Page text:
With a progressive tax system, where a minority pay most of the tax, across-the-board tax cuts tend to go to those who pay most of it. It's a mathematical unavoidability. Somehow, it is fair that 20% of taxpayers shoulder 80% of the burden, but when they get 80% of the cut, it's shamefully unfair. Well, duh. Maybe the unfairness of this is a reflection of the unfairness of that.
- In the end, Lakoff comes across as a nice and jovial dude, except he only succeeds at confirming the other side's stereotypes.
- And Democrats are fighting fire with fire. Populism against populism, cheaper one-liners against soundbites. I won't nostalgize about it since I don't what it was like before 1995. It's always been like this for as long as I have lived here. The Democrats are at least as shrill and hysterical about Bush as the Republicans were about Clinton. To me, it sounds like business as usual : Accusations of 'framing the debate' and right-wing conspiracies against those of 'liberal bias' and class warfare etc. And in a rather perverse way, it's comforting.
Sylvain, that was great, the fact that English isn't your first language is astonishing. I think you should write more, you may have a unique perspective that native born Americans lack.
With respect to the CBO report, however, it's a big report and there are many more that either of us could choose from to cherry-pick numbers that make our cases. E.g., if instead of looking at the delta in percentage of contribution to total federal revenue under the Bush tax cuts, we could look at the delta in percentage of contribution of household income. Of course we get a differenct story. Which number is more meaningful? The conservative point of view would of course emphasize the former, and the liberal (or progressive, a word I prefer these days because it is less demonized) point of view or course emphasizes the latter.
Yes, we do get some fringe liberals and lefty pundits (Carville, Franken, et al.) indulging in the same practice, and they're none too subtle about it either -- just as the fringe/pop conservatives are also not subtle (Matalin, Coulter, et al.). What I believe that Lakoff is interested in, however, is how the mainstream politicians and operatives of the left and right are using language. My observation is that the mainstream politicians and operatives of the conservative side seem to have been more prone to (and are definitely more adept at) labeling than their liberal counterparts. That's entirely why "liberal elites" has stuck in the national vocabulary, while "conservative elites" has not even though it's just as valid.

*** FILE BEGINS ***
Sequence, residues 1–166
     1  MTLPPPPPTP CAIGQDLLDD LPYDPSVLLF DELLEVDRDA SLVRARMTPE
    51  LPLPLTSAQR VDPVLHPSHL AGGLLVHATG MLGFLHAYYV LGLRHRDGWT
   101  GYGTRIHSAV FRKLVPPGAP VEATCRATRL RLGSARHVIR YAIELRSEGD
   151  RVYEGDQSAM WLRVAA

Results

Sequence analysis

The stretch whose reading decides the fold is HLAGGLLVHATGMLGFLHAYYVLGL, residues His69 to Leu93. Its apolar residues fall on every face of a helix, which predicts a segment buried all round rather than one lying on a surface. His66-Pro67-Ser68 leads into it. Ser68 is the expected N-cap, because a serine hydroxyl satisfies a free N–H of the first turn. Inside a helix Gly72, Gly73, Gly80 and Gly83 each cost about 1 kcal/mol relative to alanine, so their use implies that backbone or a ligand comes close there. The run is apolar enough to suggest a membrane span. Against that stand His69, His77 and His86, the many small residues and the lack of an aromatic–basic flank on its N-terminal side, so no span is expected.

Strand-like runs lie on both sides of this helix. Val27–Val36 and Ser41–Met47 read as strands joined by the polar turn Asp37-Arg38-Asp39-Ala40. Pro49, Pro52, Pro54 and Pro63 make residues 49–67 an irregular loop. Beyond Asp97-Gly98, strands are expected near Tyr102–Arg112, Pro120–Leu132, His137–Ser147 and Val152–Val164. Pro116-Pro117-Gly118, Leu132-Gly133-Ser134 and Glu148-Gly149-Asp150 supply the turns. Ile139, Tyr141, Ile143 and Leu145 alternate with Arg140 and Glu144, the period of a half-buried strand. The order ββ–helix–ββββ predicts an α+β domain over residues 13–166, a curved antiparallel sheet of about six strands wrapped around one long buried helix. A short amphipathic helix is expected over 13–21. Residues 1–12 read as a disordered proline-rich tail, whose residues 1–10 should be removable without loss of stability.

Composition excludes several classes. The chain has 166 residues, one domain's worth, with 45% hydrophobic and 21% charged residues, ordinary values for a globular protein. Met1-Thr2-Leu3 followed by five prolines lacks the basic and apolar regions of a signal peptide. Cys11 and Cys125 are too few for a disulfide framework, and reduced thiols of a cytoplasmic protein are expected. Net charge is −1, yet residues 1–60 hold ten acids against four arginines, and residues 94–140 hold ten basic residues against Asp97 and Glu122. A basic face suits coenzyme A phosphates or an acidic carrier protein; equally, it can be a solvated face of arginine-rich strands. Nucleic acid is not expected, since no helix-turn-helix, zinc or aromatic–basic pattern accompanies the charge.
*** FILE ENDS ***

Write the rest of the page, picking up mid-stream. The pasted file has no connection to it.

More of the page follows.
So yes, to the extent he seems to be as much a victim of the process as the rest of us, Lakoff has made the point that slogans and soundbites do influence and condition people. But his inability or unwillingness to analyze 'conservative catchphrases' outside of his own political beliefs greatly undermine the effectiveness of his attempt.
Overall, this is a political interview through and through, not some detached academic discussion about the linguistics of the game. And it certainly demonstrates that having a PhD and tenure in a given field does not grant one a deep insight in other topics. The man might be brilliant with language studies and more articulate than most but his politics seem quite ordinary.
So I guess that from your description, I went in with high expectations of insight and detachment. Oh well.
Richard, point well taken. The numbers can be used, and are used, and abused, in many ways. However, I do not hear Democrats repeating ad nauseam that the top earners got a bigger reduction of their tax rate, which is factually correct. They are saying the middle class is carrying more of the overall burden, which is demonstrably false but a better argument, from a populist standpoint (victimhood vs. envy). However legitimate you believe their beef to be, Democrats are as able to frame issues in a misleading way as their opponents.
As for who is more prone or able to label or control the vocabulary around certain issues, I honestly don't think we can ever settle this one. The topic is inherently subjective. Most conservatives I know - as opposed to Republicans - feel every bit as under siege in the perception game as the hard-core Democrats I have met. And it's perfectly normal. People with strong beliefs are much more sensitive to any public deviation from their dogma by others. Those assertions and claims that fit with their own agenda are taken for granted since they are, by definition, the truth. Hence their shared perception of a biased media and their concerns about their opponents' disturbing ability to manipulate the agenda.
This, incidentally, was the kind of process and dynamic I expected someone like Lakoff to delve into when I followed this link. I think you can understand my disappointment.
If you had quoted his talk about frames and "war on terror" phrase, or how he was gaining attention from the Democratic leaders and the media, I think that might have made the point clearer. But everything kind of falls apart once he says things like "we don't go to war as an instrument of economic policy."
We shouldn't profess academic/linguistic "research" as an instrument of political games, either.
Add a comment: